Crude Oil futures fell in Asia’s mid-afternoon trade on September 20 as supply fears faded following an increase in the US rig count despite the recovery in the Gulf of Mexico, as investors awaited additional pricing indications from the US Federal Reserve meeting in the coming days. As a result, the ICE, November Brent futures contract, was down 39 cents (0.52%) from its previous close of $74.95/b at 2 p.m. Singapore time (0600 GMT), while the NYMEX October light sweet crude contract was down 47 cents (0.65%) at $71.50/b.
Edward Moya, OANDA’s senior market analyst, the Americas, said in a note, “After a fourth weekly gain, crude prices slumped after oil rig counts delivered their biggest increase in a month and as risk aversion sent the dollar higher.” Baker Hughes reported the US oil and gas rig count, a measure of future output, at 512 on September 17, up to nine rigs from the previous week and bringing the total to its highest level since April 2020.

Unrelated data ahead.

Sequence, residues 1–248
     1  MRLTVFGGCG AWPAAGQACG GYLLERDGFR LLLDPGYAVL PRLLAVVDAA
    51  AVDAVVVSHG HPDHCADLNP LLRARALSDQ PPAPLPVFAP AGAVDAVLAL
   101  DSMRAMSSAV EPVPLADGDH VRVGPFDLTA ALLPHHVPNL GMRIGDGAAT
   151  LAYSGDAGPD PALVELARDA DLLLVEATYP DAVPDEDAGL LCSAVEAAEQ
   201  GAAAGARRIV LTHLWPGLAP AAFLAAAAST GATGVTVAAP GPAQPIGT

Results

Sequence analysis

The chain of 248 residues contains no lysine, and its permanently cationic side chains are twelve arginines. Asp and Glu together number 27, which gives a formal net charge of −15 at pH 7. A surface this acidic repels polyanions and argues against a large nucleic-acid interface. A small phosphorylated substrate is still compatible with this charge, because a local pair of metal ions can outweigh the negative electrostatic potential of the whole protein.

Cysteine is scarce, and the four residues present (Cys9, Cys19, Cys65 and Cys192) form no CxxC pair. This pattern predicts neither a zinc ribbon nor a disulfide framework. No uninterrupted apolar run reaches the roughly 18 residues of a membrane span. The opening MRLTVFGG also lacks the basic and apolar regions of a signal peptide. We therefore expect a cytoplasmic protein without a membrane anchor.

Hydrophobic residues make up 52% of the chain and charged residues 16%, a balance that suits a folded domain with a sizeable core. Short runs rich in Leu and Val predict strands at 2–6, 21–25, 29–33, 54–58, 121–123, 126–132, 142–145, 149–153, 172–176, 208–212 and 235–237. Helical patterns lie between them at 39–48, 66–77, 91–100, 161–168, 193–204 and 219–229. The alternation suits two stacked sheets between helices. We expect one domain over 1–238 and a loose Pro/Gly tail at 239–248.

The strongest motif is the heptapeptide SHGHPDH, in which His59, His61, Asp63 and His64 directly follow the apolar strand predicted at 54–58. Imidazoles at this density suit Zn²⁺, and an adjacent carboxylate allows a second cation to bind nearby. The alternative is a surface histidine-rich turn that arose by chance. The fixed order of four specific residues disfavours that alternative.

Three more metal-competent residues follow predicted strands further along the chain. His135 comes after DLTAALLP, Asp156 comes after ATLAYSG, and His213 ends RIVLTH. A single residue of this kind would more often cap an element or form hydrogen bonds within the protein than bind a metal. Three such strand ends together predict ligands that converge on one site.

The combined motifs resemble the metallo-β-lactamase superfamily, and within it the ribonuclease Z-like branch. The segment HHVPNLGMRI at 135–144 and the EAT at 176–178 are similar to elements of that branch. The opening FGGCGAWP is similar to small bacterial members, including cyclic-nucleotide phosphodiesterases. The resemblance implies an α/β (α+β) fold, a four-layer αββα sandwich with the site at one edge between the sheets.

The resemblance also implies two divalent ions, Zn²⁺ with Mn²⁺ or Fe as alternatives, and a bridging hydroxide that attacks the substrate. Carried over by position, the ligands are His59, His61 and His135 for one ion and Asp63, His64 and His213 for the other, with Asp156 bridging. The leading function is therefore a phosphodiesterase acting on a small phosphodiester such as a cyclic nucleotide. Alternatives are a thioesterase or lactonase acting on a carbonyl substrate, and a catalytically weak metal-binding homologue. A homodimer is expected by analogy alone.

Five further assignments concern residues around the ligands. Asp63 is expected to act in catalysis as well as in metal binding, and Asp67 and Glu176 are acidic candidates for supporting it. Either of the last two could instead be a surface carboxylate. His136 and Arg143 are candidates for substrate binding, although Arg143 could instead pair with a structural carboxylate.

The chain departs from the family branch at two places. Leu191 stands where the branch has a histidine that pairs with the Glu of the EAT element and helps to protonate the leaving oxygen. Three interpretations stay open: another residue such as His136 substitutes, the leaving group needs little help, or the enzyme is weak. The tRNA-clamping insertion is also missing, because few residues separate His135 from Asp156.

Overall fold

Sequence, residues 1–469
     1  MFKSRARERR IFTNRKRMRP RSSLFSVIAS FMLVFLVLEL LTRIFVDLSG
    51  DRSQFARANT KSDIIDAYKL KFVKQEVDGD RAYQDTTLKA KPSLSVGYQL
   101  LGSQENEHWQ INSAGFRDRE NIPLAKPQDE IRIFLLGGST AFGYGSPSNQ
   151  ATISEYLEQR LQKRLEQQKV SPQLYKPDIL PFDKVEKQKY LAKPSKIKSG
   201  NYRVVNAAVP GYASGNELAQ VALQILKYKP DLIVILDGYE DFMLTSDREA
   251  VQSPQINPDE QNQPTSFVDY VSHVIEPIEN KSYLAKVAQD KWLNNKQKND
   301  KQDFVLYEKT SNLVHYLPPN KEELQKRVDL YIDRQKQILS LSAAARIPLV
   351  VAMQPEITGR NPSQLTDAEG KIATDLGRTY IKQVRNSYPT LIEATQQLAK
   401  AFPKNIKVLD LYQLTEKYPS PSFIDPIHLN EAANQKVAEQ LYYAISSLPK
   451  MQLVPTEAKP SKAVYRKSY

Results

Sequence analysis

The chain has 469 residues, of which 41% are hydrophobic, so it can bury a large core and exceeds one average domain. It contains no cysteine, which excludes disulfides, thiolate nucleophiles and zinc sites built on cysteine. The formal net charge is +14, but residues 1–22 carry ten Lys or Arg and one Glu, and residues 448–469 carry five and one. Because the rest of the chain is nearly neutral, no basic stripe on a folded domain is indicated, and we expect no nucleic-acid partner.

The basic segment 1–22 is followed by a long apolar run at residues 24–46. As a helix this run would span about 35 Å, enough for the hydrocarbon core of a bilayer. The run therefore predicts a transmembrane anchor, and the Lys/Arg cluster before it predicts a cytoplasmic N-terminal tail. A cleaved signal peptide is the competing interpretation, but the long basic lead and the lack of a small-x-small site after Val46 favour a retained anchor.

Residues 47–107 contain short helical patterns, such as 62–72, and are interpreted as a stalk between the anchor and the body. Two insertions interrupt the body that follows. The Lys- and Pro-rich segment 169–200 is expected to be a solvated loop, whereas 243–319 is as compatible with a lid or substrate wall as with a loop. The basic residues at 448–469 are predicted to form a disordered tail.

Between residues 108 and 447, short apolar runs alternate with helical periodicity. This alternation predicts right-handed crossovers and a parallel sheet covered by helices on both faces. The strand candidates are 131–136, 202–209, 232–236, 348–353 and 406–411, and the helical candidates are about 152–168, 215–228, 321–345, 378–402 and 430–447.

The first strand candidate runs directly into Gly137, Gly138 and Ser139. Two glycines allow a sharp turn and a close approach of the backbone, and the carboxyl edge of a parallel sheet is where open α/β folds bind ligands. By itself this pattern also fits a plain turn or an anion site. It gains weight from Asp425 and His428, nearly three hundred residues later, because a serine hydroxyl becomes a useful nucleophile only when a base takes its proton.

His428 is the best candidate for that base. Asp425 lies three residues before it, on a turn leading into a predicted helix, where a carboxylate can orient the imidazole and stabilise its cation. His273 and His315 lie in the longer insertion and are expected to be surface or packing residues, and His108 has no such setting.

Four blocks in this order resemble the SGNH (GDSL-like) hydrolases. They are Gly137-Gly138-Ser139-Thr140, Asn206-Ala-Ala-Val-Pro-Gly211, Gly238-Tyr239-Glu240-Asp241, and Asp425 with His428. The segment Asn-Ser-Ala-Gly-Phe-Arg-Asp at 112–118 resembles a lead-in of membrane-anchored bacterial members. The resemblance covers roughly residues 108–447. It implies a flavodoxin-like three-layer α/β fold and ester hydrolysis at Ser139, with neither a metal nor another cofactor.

The Gulf of Mexico’s the production and refining capacities are continuing to improve. However, the US Bureau of Safety and Environmental Enforcement announced on September 17 that 422,078 b/d of oil production, or 23.19 percent, and 765,540 b/d of gas output, or 34.43 percent, remain offline in the Gulf, down from 66.36 percent of oil production and 75.55 percent of gas production last week.
Prices were also pushed lower by a stronger dollar. The ICE US Dollar Index traded at 93.295 at 2 p.m. Singapore time (0600 GMT), up 0.128 percent from the previous close. A higher dollar makes dollar-denominated assets, such as Crude Oil futures, less appealing to foreign currency investors, cutting demand for these assets.